Kimball elaborates on the goal of the farm to the Sacramento Bee: “The goal is to get farming businesses started and flourishing in the region. The (concept is) to incubate these beginning farmers, so their focus can be on farming, not on the cash outlays. It is like a graduate program.”

Among the crops that are already being grown and harvested at The Cannery are, go figure, tomatoes.

While The Cannery may differ from other agrihoods in this regard, it finds common ground with many of its contemporaries like Serenbe, for example, in that the “green” extends well beyond the fields and into the homes themselves.

Working alongside builder Shea Homes on two of The Cannery’s neighborhoods, developer the New Home Company incorporated sustainable design elements into all of the new residences, which offer a veritable salmagundi of sizes, layouts and price points. The Cannery’s collection of cottages, bungalows, townhomes and more sprawling abodes are all equipped with 1.5kW solar systems (buyers who have the option to upgrade to net-zero energy), pre-wiring for EV charging, LED lighting, tankless water heaters, water-conserving fixtures and appliances and more. Special design considerations were also made for multigenerational living.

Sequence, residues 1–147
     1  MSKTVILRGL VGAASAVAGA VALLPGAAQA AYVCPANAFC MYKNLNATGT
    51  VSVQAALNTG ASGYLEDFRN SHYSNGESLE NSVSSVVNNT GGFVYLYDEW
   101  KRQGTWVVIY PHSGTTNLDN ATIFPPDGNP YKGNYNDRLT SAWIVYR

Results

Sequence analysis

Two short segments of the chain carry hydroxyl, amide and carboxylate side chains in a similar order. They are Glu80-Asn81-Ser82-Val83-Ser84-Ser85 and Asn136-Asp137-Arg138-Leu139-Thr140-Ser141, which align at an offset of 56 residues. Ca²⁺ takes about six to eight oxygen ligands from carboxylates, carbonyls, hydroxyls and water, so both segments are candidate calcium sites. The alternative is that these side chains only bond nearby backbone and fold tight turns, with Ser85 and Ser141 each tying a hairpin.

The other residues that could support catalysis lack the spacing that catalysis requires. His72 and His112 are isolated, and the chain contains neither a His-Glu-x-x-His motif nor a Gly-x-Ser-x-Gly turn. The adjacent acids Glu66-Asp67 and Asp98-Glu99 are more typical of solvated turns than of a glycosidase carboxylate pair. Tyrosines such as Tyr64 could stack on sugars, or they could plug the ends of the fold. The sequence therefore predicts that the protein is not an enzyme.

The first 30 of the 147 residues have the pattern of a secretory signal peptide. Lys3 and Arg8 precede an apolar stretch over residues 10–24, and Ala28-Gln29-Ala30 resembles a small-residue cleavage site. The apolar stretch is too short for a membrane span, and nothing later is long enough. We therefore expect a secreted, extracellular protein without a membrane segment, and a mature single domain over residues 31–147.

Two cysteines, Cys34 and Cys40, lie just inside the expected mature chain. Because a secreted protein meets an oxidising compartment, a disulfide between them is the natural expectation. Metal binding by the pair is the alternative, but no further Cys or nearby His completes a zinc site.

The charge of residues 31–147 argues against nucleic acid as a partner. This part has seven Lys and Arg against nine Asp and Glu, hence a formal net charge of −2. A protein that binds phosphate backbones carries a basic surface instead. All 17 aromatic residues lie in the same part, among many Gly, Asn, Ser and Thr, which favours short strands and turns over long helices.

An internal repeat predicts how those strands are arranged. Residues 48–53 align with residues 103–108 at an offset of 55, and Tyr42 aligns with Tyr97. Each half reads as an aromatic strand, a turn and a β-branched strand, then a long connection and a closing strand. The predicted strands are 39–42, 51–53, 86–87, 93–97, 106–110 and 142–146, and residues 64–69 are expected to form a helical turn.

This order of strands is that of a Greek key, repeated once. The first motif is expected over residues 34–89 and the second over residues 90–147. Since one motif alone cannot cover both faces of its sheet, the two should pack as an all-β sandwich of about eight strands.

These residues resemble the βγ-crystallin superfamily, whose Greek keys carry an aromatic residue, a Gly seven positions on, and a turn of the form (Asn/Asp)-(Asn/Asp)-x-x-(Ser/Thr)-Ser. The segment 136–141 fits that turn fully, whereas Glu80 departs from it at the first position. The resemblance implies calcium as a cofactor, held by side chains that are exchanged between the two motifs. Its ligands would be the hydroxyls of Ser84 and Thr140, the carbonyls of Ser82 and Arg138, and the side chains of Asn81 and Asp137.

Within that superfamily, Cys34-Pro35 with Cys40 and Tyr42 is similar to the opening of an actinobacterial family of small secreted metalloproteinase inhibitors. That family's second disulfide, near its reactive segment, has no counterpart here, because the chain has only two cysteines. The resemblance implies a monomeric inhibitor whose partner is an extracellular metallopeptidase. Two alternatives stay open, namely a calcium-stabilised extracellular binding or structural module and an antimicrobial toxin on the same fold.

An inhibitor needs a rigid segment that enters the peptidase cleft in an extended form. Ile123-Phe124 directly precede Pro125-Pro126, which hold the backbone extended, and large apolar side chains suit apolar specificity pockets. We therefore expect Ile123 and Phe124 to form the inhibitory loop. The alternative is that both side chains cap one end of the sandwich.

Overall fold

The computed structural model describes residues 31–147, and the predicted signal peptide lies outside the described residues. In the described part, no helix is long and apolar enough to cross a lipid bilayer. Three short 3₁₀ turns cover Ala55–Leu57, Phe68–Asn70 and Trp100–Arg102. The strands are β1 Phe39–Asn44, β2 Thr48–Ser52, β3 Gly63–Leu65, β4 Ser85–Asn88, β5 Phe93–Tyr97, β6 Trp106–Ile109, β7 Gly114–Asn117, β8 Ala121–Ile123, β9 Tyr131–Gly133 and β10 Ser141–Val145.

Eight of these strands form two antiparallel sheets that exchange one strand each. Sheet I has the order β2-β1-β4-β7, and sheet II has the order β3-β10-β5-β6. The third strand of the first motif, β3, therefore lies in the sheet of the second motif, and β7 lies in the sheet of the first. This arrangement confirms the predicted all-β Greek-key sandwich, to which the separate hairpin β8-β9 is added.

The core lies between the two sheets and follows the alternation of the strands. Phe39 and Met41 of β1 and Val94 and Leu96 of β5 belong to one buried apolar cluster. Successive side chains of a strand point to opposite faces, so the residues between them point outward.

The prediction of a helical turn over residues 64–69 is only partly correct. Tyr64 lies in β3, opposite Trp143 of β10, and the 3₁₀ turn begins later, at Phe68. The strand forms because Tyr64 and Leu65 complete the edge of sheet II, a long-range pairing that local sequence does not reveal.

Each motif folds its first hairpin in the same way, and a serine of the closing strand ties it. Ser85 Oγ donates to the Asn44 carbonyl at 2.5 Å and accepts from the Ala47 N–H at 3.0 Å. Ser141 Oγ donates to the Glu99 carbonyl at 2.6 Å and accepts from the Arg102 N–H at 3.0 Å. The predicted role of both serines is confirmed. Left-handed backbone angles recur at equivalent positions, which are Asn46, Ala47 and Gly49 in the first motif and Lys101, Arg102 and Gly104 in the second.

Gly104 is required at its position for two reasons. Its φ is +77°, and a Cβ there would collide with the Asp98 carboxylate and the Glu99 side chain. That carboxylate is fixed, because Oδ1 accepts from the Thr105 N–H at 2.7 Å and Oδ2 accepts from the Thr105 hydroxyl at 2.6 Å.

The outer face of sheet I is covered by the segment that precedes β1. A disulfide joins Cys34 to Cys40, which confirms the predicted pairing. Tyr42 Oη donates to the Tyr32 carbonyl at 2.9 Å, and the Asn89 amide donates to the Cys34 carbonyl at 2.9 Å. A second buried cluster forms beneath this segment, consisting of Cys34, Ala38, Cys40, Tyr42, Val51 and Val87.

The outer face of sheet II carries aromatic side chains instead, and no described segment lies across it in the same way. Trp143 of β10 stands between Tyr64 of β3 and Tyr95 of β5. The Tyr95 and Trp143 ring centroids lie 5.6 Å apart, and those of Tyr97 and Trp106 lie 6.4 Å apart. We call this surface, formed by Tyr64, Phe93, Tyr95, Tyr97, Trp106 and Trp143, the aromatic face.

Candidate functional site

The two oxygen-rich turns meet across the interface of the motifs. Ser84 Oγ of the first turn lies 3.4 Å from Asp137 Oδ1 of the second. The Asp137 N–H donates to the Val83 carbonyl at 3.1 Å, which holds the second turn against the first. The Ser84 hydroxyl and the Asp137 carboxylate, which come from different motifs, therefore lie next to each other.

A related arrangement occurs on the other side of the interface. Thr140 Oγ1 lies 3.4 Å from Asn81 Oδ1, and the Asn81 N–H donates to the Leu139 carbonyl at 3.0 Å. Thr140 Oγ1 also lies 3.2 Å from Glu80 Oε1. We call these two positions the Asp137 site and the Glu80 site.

Gala, an additional neighborhood to include 96 “university flats” (presumably rental units open to UC Davis Students) is slated to open in 2016 in the Cannery’s “commerce district” opposite the main community event space, the Amphitheater, and the Town Center, which will eventually feature a lively mix of retail and office space. Also that year, Beech, another new neighborhood with 72 detached single-family residences built by Standard Pacific Homes, will open for sales.

The Cannery's grand opening in August attracted an estimated 5,000 people from across the region. Thus far, sales of available models have been reportedly brisk.

While the mawkish marketing language of The Cannery’s website (“Wake up where the sun smiles over a wide, green landscape. Nourish your life") may suggest that the Cannery’s emphasis on the pastoral is a sales-boosting gimmick, the New Home Company means business.

“Ag is becoming a competitive differentiator in the development world,” Ed McMahon, a sustainable development expert with the Urban Land Institute tells Civil Eats, noting that while roughly 5 percent of the residential housing market is composed of agriculture-centered neighborhoods like The Cannery, it’s a niche market that picking up speed — growing faster, perhaps, than Yolo County’s famed hothouse tomatoes.